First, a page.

Protocols for engaging Auslan interpreters and captioning services at Griffith University

These protocols have been developed to assist organisers implement appropriate accessibility measures for staff, students and visitors who use sign language interpreters or assistive technology, such as live captioning or infrared hearing systems, to participate in events and activities. The Deaf Student Support Program can assist in sourcing interpreters and captioning services, and can guide you on arrangements for the day.

Note: Teaching and learning activities at Griffith for currently enrolled students who use Auslan interpreters are managed centrally through the Deaf Student Support Program within Student Services. You do not need to make arrangements for interpreters to support students enrolled in scheduled courses or programs at Griffith University or Griffith College.


Support for the deaf

Deaf people are more likely to ask for Auslan (Australian Sign Language) interpreters and/or captioning services. Auslan interpreters are accredited professionals under the National Accreditation Authority for Translators and Interpreters and abide by a Code of Ethics where confidentiality is central to their practice.

Auslan interpreters are in high demand so should be booked early.

Support for people who are hard of hearing

Hard-of-hearing people are more likely to ask for captioning services and/or infrared hearing systems. An infrared hearing system is a special type of sound system for use by people with hearing aids or cochlear implants. Presenters must wear a microphone or other sound source and the audio input is emitted as an electrical signal.

Contact Information Technology Services to check if your venue is equipped with an infrared hearing system.

Captioning services

Captions can benefit deaf people and those who are hard of hearing, as well as people from culturally and linguistically diverse backgrounds. Everyone benefits when captions accompany dialogue that is spoken very quickly, by people with different accents and where there is competing background noise. In using captioned material, the event organiser also benefits as transcripts can be used in minutes or reports. Your event can be captioned in situ or via remote link.

Captioning services are in high demand so should be booked early. Email the Deaf Student Support Program at for more information and a booking form.

Your event plan

Celebrating Diversity: Designing inclusive events at Griffith University is a useful guide to planning inclusive events. To ensure you know the dietary and access needs of all participants use this guide, including the sample RSVP on page 15, so you can make all arrangements in advance.

Download the guide

Booking interpreters and captioners

Don’t leave interpreter or captioning requests to the last minute. Complete the Request for Auslan Interpreter and/or Captioning Services booking form, including project, speedtype and class. Do not sign off at this point. DSSP will supply you with a quotation and make bookings. You may be asked to provide additional documentation such as flyers, draft agendas, or PowerPoints (where possible), which will be passed onto the interpreters and captioning service. If you have no requests for interpreters or captioning services 48 hours leading up to your event, ensure that you lodge a cancellation, otherwise cancellation fees will apply.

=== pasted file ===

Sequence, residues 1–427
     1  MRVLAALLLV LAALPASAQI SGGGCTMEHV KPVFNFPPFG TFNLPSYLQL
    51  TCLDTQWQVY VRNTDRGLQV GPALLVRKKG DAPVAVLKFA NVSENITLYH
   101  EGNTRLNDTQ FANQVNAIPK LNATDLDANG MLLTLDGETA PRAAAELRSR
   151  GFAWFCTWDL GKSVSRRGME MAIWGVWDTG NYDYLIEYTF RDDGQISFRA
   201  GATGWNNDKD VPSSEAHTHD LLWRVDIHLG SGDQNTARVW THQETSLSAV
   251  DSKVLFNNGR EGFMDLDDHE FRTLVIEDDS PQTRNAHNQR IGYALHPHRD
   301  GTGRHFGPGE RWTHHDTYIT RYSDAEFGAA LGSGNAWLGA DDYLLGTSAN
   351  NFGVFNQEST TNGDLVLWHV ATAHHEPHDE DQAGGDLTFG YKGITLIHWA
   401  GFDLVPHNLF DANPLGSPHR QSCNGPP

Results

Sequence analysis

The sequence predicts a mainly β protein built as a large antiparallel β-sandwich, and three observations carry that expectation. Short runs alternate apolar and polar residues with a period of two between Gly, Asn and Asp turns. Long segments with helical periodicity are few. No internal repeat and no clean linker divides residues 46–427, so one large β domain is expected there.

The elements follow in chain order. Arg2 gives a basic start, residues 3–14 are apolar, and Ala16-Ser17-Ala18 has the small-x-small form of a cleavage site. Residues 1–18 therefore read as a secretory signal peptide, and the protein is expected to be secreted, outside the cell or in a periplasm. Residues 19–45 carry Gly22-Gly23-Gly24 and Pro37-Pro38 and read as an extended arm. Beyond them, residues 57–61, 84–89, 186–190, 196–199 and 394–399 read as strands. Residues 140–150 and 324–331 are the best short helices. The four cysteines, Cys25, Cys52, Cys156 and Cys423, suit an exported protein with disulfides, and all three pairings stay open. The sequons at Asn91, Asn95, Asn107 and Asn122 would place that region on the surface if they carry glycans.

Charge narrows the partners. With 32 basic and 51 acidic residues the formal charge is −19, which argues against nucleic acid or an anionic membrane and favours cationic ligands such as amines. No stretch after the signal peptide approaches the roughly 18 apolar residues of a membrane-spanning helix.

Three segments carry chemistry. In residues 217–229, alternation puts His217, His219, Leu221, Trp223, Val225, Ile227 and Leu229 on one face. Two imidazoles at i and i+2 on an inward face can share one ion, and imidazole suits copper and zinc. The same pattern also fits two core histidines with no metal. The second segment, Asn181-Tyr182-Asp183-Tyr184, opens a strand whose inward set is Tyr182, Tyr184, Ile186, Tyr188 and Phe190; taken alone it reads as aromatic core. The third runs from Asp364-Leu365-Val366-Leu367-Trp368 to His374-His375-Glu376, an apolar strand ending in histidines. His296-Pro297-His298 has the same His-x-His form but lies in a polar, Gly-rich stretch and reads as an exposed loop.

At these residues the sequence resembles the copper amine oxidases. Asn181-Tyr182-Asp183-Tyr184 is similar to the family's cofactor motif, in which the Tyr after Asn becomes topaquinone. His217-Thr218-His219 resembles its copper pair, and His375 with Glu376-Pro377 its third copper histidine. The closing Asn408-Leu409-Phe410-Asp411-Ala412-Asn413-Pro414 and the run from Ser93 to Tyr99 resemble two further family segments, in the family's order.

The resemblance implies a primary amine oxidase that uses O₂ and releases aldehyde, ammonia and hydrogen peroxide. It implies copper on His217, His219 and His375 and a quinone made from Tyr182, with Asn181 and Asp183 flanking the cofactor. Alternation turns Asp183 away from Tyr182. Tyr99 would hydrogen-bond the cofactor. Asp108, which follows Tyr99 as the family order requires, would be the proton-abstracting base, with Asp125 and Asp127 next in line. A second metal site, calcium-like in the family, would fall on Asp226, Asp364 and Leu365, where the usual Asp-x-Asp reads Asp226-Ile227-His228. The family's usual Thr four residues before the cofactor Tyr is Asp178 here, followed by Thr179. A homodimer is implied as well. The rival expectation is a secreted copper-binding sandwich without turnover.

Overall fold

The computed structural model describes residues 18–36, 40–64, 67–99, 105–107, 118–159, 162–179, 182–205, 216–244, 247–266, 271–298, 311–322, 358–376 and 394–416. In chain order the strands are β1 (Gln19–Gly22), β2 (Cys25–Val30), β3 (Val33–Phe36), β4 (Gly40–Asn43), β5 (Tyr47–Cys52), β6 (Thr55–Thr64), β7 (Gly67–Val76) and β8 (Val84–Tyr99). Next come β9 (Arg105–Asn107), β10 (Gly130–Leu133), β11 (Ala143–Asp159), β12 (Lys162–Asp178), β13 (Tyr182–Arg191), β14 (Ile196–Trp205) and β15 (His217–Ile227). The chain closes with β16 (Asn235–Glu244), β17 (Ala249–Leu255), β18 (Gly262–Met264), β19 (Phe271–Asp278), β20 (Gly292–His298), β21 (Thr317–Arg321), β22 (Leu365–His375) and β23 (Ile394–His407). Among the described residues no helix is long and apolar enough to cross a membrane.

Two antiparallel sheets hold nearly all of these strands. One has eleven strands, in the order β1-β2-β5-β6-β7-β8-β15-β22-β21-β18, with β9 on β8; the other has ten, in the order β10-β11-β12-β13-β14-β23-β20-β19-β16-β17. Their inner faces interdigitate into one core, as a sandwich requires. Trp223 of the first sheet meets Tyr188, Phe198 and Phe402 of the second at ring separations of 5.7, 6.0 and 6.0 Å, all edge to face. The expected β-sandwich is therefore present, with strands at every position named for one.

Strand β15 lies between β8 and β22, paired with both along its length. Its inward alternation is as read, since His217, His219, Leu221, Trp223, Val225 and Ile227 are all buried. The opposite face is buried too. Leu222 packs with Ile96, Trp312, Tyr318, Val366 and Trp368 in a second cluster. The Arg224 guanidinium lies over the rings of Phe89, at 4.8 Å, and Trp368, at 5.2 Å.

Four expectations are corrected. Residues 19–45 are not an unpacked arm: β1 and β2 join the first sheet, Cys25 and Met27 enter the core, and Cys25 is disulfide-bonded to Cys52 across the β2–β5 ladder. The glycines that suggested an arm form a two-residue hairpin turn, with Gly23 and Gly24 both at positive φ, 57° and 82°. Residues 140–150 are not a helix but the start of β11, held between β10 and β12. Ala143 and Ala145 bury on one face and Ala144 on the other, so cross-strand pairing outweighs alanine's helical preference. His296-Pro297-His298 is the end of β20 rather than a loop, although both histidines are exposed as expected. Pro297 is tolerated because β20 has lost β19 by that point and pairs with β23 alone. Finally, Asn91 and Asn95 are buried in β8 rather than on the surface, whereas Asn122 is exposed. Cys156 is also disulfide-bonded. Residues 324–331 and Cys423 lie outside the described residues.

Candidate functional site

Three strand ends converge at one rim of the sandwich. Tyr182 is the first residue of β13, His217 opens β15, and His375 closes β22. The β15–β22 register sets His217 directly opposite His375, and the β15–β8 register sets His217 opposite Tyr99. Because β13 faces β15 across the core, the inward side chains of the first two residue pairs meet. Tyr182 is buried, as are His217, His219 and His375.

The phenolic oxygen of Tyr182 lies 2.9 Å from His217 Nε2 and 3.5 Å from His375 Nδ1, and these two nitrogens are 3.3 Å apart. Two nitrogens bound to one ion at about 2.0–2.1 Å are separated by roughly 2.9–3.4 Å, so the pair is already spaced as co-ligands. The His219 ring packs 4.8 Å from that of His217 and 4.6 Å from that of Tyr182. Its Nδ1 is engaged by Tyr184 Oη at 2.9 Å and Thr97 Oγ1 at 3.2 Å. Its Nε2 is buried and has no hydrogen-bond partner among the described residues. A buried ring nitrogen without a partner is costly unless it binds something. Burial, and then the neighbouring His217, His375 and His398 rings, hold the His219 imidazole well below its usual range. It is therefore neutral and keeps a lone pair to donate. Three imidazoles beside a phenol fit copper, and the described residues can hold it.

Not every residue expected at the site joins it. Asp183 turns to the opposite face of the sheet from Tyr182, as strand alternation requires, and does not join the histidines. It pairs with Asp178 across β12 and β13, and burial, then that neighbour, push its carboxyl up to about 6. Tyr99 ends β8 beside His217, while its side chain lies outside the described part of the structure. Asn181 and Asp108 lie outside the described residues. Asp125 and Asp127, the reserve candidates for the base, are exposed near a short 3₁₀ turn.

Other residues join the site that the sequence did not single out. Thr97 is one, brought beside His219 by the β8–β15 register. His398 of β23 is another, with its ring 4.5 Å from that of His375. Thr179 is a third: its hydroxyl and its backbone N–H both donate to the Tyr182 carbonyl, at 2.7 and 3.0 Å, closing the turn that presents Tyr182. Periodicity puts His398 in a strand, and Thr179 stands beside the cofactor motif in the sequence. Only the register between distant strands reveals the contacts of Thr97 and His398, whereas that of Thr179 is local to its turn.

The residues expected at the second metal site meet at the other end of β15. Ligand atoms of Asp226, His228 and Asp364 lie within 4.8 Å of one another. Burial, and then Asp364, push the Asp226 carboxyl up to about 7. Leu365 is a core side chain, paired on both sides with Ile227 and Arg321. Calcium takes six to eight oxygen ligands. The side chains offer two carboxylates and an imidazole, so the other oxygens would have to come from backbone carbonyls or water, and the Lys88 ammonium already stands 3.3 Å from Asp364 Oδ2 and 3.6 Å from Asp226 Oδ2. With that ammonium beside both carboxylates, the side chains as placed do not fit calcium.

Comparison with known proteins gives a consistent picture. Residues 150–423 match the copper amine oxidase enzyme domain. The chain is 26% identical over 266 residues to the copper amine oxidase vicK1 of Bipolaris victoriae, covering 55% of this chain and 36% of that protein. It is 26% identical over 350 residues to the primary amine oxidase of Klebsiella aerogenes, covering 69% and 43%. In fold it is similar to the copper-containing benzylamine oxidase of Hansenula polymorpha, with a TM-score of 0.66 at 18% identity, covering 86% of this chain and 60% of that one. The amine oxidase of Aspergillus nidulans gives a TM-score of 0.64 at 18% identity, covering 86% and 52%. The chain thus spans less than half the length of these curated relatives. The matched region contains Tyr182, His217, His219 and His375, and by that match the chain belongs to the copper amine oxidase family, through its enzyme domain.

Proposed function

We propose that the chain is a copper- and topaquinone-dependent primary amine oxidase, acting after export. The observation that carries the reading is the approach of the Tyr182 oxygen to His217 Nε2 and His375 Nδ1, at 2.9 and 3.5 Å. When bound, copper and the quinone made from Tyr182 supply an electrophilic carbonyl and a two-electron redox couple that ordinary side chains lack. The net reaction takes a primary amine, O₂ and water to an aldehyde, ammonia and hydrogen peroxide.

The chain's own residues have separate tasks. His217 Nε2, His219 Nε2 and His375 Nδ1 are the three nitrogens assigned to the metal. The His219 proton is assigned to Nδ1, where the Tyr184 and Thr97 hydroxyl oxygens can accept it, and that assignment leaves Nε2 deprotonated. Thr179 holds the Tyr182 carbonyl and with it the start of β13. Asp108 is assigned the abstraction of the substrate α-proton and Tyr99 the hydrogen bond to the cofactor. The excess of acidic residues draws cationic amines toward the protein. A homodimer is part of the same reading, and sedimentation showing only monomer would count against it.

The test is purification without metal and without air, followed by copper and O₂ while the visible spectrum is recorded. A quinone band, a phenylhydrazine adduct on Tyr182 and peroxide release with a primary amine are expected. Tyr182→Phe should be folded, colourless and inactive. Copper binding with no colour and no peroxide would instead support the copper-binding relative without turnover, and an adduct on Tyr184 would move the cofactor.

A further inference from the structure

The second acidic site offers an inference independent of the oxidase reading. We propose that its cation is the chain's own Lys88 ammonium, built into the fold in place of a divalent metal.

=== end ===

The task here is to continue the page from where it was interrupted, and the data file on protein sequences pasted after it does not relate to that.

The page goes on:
Displaying captions

Do you want captions displayed on a large screen for all to see? You may also wish to consider a TV monitor facing the stage for the benefit of presenters and panel members. Either way, contact INS so that they can be on hand to liaise with and provide technical support to the captioning service, whether it be in-situ or via remote link as needed.(For remote access, the captioning service can patch into the audio feed and receive audio directly from the Audio/Audio Visual system.)

Screening audio-visual material

If you intend to screen videos, it is wise to check for captions. Relying on auto-captions runs the risk of displaying inappropriate language. Take the time to watch and check your videos. Some useful resources about captioning suppliers can be found at the Media Access Australia website:

Find out more

For all last-minute time and location changes, you must inform the Deaf Student Support Program.  Interpreters and captioners will arrive around 30-45 minutes early and will introduce themselves to you. Interpreters will require reserved seating at the front and in-ear pieces so that they can clearly hear the proceedings.

Interpreters will assess the physical set up and will stand on either side of the presenter at a suitable distance depending on the size of the room and the proximity to screens. They may have all of your event material on their mobile devices, but will always appreciate a print-out on their chair.

Captioners can be flexible in where they can seat themselves as long as they are able to connect their equipment with technical assistance. They will need to test their equipment to ensure that captions can be displayed on screen.

The Deaf Student Support Program will forward a completed booking form to you for final sign off, and when it is returned, it will be sent onto to finance for processing. If the Deaf Student Support Program has engaged external interpreters and/or external captioning services, these invoices will be emailed directly to you.

Need advice?

Email the Deaf Student Support Program at